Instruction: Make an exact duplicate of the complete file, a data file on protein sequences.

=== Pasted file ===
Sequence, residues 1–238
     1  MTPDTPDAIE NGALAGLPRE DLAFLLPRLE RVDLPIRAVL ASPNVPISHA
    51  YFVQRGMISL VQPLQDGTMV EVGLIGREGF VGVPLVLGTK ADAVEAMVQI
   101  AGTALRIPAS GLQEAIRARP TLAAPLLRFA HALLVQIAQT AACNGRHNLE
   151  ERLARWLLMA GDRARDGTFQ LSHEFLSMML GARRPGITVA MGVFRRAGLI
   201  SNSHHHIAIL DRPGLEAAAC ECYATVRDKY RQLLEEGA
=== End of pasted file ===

Sequence, residues 1–238
     1  MTPDTPDAIE NGALAGLPRE DLAFLLPRLE RVDLPIRAVL ASPNVPISHA
    51  YFVQRGMISL VQPLQDGTMV EVGLIGREGF VGVPLVLGTK ADAVEAMVQI
   101  AGTALRIPAS GLQEAIRARP TLAAPLLRFA HALLVQIAQT AACNGRHNLE
   151  ERLARWLLMA GDRARDGTFQ LSHEFLSMML GARRPGITVA MGVFRRAGLI
   201  SNSHHHIAIL DRPGLEAAAC ECYATVRDKY RQLLEEGA